Looking back on your career, what advice do you wish someone had given you that would have helped accelerate your career?
We underestimate how jealousy and fear reign in many industries, and especially in the computing realm. If I would have known that, I would probably be even further in my career now. Instead, I listened to these fearful folks and held myself back in times where I could have truly shined. But I did learn how to value myself and my knowledge more, so it was all worth it in the end. I would have liked to do it with a little less tarnish and frustration.
Always take the chance to get certified, even if you don’t think you’re ready. If you (or your company) can afford it, it’s worth doing so that you can get an unbiased opinion on your knowledge base. That way, you not only have that, but also ammunition to ask for promotions, bonuses, etc.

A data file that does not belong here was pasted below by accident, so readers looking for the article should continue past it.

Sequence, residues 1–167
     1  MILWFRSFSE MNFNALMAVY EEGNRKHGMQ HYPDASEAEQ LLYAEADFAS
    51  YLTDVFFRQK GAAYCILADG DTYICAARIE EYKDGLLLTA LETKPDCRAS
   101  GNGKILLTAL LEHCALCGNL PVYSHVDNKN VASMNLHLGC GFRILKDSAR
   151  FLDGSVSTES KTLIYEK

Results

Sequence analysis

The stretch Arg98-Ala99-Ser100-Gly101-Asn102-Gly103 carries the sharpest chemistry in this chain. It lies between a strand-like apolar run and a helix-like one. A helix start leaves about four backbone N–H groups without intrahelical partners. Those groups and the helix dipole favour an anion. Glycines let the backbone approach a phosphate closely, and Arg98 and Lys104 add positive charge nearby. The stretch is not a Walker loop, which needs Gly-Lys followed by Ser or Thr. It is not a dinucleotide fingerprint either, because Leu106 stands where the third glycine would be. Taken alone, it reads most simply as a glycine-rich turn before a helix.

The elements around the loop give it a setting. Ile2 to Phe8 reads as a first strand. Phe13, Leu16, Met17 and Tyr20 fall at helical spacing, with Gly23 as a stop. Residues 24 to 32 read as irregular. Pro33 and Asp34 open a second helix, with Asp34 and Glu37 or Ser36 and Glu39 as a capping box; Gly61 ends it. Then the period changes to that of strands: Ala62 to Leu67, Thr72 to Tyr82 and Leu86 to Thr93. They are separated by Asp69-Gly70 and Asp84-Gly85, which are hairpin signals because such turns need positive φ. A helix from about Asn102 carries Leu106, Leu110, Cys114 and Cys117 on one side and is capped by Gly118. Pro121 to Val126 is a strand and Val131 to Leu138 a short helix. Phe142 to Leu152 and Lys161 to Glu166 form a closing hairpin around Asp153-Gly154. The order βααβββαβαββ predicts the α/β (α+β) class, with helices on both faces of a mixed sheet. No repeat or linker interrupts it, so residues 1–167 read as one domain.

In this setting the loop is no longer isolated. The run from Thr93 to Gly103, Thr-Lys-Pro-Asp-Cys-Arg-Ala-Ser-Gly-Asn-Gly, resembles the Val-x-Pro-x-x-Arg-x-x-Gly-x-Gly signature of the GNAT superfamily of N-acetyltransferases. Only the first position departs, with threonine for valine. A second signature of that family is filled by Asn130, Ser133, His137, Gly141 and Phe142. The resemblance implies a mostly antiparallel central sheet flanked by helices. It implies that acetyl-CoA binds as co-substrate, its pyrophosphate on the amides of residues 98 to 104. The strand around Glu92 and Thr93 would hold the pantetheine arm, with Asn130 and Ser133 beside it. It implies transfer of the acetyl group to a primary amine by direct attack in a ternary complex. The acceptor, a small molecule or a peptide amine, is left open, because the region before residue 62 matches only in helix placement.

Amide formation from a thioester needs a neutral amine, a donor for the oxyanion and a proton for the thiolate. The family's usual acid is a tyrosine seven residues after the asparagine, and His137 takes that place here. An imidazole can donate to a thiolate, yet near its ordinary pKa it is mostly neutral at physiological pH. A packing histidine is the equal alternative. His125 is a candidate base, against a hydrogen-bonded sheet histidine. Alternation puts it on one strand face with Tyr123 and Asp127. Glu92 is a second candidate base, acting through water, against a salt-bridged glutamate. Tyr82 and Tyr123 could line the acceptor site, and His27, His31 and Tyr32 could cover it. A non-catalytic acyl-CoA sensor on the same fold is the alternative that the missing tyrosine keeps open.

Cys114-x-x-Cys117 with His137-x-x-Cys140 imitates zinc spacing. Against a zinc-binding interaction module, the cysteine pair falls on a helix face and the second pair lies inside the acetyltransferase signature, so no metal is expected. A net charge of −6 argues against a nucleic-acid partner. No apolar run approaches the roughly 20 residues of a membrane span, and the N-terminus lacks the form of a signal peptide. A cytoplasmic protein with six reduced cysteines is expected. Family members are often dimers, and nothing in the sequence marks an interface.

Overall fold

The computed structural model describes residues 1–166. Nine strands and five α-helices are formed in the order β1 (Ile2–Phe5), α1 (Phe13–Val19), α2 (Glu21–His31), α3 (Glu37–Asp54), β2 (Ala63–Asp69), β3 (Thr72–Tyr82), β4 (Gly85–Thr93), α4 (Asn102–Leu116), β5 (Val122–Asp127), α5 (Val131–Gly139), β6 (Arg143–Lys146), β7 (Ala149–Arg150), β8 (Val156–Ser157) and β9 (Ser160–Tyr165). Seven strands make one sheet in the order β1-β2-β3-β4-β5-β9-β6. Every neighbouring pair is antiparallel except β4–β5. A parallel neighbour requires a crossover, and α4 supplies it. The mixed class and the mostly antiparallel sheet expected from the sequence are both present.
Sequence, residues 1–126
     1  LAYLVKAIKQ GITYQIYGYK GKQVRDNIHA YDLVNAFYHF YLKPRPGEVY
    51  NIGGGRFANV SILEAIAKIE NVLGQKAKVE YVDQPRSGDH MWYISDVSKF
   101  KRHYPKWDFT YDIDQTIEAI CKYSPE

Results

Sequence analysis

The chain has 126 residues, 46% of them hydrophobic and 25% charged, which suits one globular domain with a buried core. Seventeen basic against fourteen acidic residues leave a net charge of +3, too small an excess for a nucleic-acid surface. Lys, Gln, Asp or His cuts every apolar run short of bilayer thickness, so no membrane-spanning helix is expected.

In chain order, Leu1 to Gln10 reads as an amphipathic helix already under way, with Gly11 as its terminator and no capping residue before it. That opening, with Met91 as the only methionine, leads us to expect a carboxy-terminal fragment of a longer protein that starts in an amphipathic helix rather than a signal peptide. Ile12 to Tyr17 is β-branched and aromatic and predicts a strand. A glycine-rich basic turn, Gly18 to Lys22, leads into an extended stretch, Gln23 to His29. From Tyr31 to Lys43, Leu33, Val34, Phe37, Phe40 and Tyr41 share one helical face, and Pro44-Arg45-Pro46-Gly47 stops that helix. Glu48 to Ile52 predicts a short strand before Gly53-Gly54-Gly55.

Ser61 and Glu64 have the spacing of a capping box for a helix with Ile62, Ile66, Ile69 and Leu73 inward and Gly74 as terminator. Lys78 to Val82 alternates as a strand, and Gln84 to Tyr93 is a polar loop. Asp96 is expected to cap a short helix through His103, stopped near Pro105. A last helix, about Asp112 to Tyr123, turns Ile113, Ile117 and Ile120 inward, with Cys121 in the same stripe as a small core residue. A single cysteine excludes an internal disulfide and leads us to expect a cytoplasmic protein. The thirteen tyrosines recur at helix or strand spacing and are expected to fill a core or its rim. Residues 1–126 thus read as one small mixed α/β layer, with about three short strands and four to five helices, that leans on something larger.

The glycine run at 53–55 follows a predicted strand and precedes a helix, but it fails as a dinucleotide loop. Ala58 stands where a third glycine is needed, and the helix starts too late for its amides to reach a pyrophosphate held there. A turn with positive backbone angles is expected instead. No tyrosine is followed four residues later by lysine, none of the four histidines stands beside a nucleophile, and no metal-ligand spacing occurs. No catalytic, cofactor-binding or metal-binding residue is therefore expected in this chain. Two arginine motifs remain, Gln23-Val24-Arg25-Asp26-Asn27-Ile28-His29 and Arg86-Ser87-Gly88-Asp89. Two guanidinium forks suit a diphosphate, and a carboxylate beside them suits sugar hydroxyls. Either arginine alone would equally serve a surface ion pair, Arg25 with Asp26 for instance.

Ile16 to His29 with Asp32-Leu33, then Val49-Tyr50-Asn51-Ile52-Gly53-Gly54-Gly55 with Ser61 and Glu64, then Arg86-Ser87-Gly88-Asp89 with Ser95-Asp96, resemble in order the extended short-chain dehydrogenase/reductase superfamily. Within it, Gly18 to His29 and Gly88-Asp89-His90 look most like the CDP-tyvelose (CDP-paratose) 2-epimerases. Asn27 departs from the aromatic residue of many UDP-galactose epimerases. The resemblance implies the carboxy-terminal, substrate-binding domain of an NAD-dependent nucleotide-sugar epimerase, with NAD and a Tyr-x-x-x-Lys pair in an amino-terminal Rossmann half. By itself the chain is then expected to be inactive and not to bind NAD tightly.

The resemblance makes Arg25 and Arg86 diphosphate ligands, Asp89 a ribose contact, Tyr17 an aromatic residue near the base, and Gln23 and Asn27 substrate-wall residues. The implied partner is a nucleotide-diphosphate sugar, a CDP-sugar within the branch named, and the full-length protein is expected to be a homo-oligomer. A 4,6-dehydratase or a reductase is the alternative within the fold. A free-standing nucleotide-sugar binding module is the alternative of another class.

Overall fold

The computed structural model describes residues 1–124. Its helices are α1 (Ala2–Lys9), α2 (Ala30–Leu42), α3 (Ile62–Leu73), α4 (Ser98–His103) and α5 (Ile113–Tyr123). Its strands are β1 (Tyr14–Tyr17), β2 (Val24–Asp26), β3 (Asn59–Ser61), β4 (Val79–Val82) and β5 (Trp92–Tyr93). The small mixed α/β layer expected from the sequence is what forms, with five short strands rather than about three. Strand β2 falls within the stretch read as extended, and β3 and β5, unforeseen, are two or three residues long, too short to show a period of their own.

Also, ask for what you’re worth. Even if you think you’re not going to get it. It’s a good muscle to build as you continue through your career. Eventually, the world will catch up with you!
Thank you for sharing your story with us. We really appreciate it. How can we support you?
Thank you for asking! For anyone looking to have me come and speak at their company, feel free to reach out to me on my website, lmlewisconsulting.com . It contains an online calendar where you can even schedule time to talk to me or meetup if you’re in the St. Louis, Missouri region!